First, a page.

parts of the data exist in very different locations in memory or on disk, joined together by pointers, and separated by a large number of holes. Fragmentation occurs because the OS must find a free space wherever it can. Ideally, data would always be stored in contiguous blocks, but in practice files may be deleted, leaving holes in the data which must then be filled up by the OS. Internal fragmentation is space wasted within pages (or segments); external fragmentation is free space between segments in physical memory.

graphical user interface (GUI)
use of pictures rather than just words to represent the input and output of a program; generally includes use of windows, icons, mouse and pointer (WIMP)

inode
a data structure that holds information about a UNIX file; its number uniquely identifies the file

input output control system (IOCS)
part of the operating system which passes system calls from application programs to device drivers for I/O devices

interprocess communications (IPC)
exchange of data between one process and another, either within the same computer or over a network. It implies a protocol that guarantees a response to a request. Examples are Unix sockets, RISCOS's messages, OS/2's Named Pipes, Microsoft Windows' DDE, Novell's SPX and Macintosh's IAC

interrupt or interrupt request (IRQ)
hardware signals sent to CPU by connected devices; an input found on many processors which causes the processor to suspend normal instruction execution temporarily and to start executing an interrupt handler routine. Some processors have several interrupt request inputs allowing different priority interrupts

job control language (JCL)
scripting language to control batch jobs

kernel
the essential part of operating systems, responsible for resource allocation, low-level hardware interfaces, security etc. The essential, core portion of the operating system that is loaded into random access memory (RAM) when the computer is turned on and stays in RAM for the duration of the operating session; core of a multitasking operating system which deals with the basic system resources; drives physical devices and handles I/O, memory management and process scheduling

locality of reference
if one location is read then nearby locations (particularly following locations) are likely to be read soon afterwards; characteristic of modular, object-oriented code; requires few disk accesses so good performance

link
a UNIX directory entry which refers to a file inode; it can be either a hard link or a symbolic link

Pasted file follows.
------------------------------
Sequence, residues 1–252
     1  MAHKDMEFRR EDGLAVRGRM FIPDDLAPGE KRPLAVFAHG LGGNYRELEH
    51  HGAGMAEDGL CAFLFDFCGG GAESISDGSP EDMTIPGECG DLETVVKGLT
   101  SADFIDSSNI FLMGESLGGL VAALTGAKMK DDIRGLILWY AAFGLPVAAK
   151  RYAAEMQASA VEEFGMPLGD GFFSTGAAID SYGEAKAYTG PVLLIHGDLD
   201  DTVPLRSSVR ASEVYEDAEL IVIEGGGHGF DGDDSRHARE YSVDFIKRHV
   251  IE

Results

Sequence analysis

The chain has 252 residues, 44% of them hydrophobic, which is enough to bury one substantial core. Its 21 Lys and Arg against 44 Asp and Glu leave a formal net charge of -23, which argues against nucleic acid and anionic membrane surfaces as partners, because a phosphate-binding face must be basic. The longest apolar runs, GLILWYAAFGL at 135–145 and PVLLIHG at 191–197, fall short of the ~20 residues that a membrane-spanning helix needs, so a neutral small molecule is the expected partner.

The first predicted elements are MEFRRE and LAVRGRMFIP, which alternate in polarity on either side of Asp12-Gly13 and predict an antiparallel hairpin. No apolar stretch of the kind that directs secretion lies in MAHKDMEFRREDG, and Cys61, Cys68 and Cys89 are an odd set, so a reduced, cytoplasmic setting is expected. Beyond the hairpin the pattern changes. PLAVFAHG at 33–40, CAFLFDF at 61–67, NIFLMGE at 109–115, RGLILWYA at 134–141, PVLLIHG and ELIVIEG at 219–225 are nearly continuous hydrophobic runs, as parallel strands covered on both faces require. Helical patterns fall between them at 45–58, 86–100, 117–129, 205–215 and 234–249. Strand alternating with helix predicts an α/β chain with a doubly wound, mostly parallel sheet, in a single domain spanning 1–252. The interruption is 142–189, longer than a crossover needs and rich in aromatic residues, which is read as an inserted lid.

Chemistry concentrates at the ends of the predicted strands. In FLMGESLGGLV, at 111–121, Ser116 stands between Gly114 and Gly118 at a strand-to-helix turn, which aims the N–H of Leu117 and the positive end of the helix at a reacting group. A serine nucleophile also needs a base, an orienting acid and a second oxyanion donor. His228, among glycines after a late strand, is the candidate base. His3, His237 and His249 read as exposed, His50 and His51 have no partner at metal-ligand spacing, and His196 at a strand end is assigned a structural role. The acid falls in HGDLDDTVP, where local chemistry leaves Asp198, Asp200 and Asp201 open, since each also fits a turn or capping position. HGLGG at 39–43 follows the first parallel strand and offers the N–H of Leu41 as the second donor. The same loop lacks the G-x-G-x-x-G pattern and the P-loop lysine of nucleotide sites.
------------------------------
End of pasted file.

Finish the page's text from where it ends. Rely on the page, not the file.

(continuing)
Linux
a free operating system based on UNIX and originally designed for Intel-based PC compatible computers

memory
circuitry that stores information temporarily so that it is readily available to the central processing unit

Microsoft Disk Operating System (MS-DOS)
a single-user, single-tasking operating system which was commonly used on Intel-based PC compatible computers before Windows

monitor
a built-in function or feature of a programming language that helps programmers provide mutual exclusion without having to worry about low-level details

mount
make a file system available for access by associating it with a directory

multiprocessing
use of two or more processors in the same computer system at the same time

multitasking
capability to execute more than one application at a time

multithreading
capability to execute more than one thread within a program

multiuser
designed to be used by more than one person at a time

mutual exclusion
a situation where only one process may access a resource at a time

network file system (NFS)
an IP-based protocol originally developed by Sun Microsystems which provides file services, allowing a computer to access files over a network as if they were on its local disks

NT file system (NTFS)
The native file system of Windows NT, which improves over FAT in security and reliability, large file and volume sizes, unicode file names and some POSIX compliance

object linking and embedding (OLE)
a distributed object system which allows incorporating part of a document from one application into another. A Microsoft Windows standard that enables applications to exchange data and work with one another dynamically

operating system (OS)
A set of programs to assist human operators with controlling and operating a computer system. Important functions include program management and process scheduling, memory management, file and disk management, Input/Output device control, user interface, and user account and security management